Easter Sunday

On which date will Easter Sunday fall this year?

We can be absolutely certain that Christmas Day will fall on December 25 and New Years Day on January 1; but confusion sets in when we want to know when the Easter break occurs.

Is it in March? Is it April this year? Is it early or late? The reason for this is that the calculations for determining Easter were set long ago in the seventh century.

The Synod of 673AD

It is recorded by the Venerable Bede that a meeting of the five bishops of the Kingdoms of England was called by Theodore of Tarsus, Archbishop of Canterbury.

The meeting was held in Hertford. Amongst ten canons governing the duties of clerics, marriage and divorce the church leaders issued instructions for deciding upon the date for celebrating Easter Sunday.

It was agreed that Easter was to be held on the first Sunday following the first full moon after March 21st.

Which is why Easter always falls on a different date each year; sometimes in late March, sometimes in mid-April.

The first Synod in 673 AD was the first time that the representatives of the various churches had deliberated and acted as one body. It laid the foundation for a united church and for ending the disputes between the old Celtic traditions introduced by missionaries from Ireland and the form of Christianity such as introduced by St Augustine and Rome.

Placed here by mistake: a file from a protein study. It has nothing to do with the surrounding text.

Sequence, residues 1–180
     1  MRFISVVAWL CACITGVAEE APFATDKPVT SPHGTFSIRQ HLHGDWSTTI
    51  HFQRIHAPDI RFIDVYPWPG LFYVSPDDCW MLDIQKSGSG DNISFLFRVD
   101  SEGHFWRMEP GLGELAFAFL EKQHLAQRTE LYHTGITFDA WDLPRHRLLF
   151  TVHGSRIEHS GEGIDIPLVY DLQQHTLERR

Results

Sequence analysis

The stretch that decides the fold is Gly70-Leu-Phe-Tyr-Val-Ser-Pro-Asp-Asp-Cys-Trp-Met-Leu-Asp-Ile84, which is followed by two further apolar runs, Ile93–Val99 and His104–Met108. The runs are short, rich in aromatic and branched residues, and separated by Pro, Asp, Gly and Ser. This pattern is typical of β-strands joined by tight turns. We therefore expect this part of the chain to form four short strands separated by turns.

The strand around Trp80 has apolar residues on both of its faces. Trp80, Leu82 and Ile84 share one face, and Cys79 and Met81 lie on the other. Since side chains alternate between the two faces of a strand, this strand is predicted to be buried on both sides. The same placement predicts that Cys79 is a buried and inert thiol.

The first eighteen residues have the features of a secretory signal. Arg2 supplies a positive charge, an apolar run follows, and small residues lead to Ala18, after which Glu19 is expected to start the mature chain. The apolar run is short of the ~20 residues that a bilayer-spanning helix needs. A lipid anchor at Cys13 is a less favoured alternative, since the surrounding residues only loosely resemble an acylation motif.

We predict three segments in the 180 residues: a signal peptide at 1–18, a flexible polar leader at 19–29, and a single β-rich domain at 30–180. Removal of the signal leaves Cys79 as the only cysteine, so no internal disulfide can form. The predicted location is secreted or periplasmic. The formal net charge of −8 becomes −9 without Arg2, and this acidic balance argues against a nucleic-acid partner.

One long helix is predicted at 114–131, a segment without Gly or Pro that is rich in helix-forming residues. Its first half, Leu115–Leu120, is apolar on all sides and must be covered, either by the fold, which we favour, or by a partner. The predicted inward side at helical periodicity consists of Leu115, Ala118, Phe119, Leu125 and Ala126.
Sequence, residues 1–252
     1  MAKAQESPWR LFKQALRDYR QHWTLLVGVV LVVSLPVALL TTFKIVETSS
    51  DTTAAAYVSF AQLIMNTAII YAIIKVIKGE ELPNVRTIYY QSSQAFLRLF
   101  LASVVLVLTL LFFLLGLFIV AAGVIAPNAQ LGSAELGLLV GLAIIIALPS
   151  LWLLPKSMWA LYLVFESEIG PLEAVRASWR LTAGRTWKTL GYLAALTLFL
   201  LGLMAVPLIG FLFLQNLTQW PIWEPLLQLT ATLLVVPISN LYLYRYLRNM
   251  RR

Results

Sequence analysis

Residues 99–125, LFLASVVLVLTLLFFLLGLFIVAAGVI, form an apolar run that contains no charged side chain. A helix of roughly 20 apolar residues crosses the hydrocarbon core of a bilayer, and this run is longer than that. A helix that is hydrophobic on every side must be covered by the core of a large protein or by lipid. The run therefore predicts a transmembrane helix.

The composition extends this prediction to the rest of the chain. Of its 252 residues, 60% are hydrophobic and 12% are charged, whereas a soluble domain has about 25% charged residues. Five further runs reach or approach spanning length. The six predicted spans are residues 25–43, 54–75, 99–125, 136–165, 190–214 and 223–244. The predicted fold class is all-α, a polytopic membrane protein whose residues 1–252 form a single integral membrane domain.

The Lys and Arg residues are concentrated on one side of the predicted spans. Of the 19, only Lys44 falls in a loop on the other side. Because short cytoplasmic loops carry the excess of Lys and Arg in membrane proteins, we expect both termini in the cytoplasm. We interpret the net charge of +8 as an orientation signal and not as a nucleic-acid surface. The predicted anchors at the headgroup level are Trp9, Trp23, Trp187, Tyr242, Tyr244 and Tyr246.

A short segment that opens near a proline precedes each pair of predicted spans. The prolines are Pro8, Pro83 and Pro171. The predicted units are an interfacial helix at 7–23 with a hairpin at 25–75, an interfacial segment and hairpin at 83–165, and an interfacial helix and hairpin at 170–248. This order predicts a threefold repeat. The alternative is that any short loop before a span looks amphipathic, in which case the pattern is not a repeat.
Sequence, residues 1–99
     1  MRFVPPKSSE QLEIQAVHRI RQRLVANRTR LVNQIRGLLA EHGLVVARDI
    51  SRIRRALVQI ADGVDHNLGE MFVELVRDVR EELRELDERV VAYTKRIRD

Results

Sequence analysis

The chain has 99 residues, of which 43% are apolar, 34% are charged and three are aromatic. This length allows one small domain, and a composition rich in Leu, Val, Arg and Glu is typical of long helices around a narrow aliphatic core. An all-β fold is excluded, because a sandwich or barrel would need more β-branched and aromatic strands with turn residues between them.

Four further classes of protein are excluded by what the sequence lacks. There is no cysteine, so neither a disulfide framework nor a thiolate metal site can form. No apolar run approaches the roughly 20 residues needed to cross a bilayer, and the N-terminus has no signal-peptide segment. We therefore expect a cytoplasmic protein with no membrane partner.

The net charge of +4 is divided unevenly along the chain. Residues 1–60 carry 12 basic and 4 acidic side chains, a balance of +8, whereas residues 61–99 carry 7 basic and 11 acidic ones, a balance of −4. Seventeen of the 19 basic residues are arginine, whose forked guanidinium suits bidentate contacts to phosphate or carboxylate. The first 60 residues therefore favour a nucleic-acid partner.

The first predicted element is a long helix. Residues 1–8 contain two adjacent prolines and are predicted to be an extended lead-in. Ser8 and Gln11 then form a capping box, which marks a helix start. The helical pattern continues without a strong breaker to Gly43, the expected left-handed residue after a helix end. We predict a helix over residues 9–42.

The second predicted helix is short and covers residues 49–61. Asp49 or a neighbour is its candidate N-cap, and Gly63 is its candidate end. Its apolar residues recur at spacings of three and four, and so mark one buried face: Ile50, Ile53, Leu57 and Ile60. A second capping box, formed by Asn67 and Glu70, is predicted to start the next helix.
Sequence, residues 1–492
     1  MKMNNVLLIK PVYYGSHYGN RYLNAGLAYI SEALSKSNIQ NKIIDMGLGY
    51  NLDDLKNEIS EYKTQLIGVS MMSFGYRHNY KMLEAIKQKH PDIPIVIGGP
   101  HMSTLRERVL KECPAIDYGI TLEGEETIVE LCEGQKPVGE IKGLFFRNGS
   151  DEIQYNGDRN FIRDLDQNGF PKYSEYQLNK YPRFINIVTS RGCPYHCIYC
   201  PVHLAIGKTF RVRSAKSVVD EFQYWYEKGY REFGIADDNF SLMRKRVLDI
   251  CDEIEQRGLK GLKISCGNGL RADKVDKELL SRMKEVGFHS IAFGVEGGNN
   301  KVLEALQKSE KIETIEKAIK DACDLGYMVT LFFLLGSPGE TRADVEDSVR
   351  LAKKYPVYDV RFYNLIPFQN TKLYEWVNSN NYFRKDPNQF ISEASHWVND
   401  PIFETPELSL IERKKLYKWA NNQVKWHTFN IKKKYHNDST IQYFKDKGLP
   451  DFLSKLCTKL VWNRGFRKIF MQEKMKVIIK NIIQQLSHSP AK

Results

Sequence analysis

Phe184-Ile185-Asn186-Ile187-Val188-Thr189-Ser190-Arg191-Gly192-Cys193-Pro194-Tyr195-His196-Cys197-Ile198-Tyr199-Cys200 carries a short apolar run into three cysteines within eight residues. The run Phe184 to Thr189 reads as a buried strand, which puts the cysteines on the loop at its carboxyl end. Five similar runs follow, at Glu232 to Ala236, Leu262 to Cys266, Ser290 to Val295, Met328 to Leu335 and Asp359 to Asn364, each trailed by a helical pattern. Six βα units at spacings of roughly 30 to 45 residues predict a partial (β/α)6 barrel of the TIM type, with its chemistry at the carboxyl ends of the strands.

commemorative stone
Stone commemorating the Synod of 573AD

The stone reads:

Near this spot was held the first General Synod of the English Church on 24 September 673 AD under the presidency of Theodore, Seventh Archbishop of Canterbury and first Primate of All England. There was present Bisi, Bishop of East Anglia, Putta, Bishop of Rochester, Eleutherius, Bishop of Wessex, Winfred, Bishop of Mercia, Wilfred, Bishop of Northumbria.

It is not thought that the commemorative stone is on the exact spot that the Synod was held but it is now generally agreed that is was certainly in the area on which Hertford Castle now stands.

Bank Holidays

At one time the Bank of England was closed on no less than 40 Saints Days and anniversaries.

These were steadfastly pruned throughout the nineteenth century. However we have to thank Maidstone MP Sir John Lubbock for introducing the Bank Holiday Act in 1871. It firmly proclaimed December 26 (if a weekday), Easter Monday and Whit Monday to be officially called Bank Holidays.

At least now when this Easter Holiday comes round, you will understand why it is in late April and not in wet and windy March.